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Mission type Navigation
Operator US Air Force
COSPAR ID 1996-056A[1]
SATCAT № 24320[1]
Mission duration 7.5 years (planned)[2]
Spacecraft properties
Spacecraft type GPS Block IIA[2]
Manufacturer Rockwell[2]
Launch mass 1,816 kilograms (4,004 lb)[2]
Start of mission
Launch date 12 September 1996, 08:49:00 (1996-09-12UTC08:49Z) UTC
Rocket Delta II 7925-9.5, D238[3]
Launch site Cape Canaveral LC-17A[3]
Orbital parameters
Reference system Geocentric
Regime Medium Earth
Perigee 20,058 kilometres (12,463 mi)[4]
Apogee 20,305 kilometres (12,617 mi)[4]
Inclination 54.7 degrees[4]
Period 717.94 minutes[4]

USA-128, also known as GPS IIA-18, GPS II-27 and GPS SVN-30, is an American navigation satellite which forms part of the Global Positioning System. It was the eighteenth of nineteen Block IIA GPS satellites to be launched.

USA-128 was launched at 08:49:00 UTC on 12 September 1996, atop a Delta II carrier rocket, flight number D238, flying in the 7925-9.5 configuration.[3] The launch took place from Launch Complex 17A at the Cape Canaveral Air Force Station,[5] and placed USA-128 into a transfer orbit. The satellite raised itself into medium Earth orbit using a Star-37XFP apogee motor.[2]

On 17 October 1996, USA-128 was in an orbit with a perigee of 20,058 kilometres (12,463 mi), an apogee of 20,305 kilometres (12,617 mi), a period of 717.94 minutes, and 54.7 degrees of inclination to the equator.[4] It broadcasts the PRN 30 signal, and operates in slot 2 of plane B of the GPS constellation.[6] The satellite has a mass of 1,816 kilograms (4,004 lb). It had a design life of 7.5 years,[2] and was decommissioned on July 20, 2011.[7]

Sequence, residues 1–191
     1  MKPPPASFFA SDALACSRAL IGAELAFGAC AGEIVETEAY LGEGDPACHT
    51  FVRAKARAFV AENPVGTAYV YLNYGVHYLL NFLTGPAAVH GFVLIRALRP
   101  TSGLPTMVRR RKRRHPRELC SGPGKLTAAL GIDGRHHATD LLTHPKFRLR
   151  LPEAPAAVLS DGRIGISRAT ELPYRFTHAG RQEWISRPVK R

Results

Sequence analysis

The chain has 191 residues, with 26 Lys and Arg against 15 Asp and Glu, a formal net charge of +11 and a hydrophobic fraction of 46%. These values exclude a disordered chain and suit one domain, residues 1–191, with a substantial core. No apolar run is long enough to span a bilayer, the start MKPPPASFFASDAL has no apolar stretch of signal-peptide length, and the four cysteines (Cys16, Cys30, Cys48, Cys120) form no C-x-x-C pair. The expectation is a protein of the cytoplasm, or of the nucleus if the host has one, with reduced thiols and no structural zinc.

1. ^ a b "Navstar 2A-18". US National Space Science Data Center. Retrieved 10 July 2012. 
  2. ^ a b c d e f Krebs, Gunter. "GPS-2A (Navstar-2A)". Gunter's Space Page. Retrieved 10 July 2012. 
  3. ^ a b c McDowell, Jonathan. "Launch Log". Jonathan's Space Page. Retrieved 11 July 2012. 
  4. ^ a b c d e McDowell, Jonathan. "Satellite Catalog". Jonathan's Space Page. Retrieved 11 July 2012. 
  5. ^ McDowell, Jonathan. "Launch List". Launch Vehicle Database. Jonathan's Space Page. Retrieved 11 July 2012. 
  6. ^ Wade, Mark. "Navstar". Encyclopedia Astronautica. Retrieved 10 July 2012. 
  7. ^ "NANU 2011-048". Celestrak. Retrieved 5 September 2012.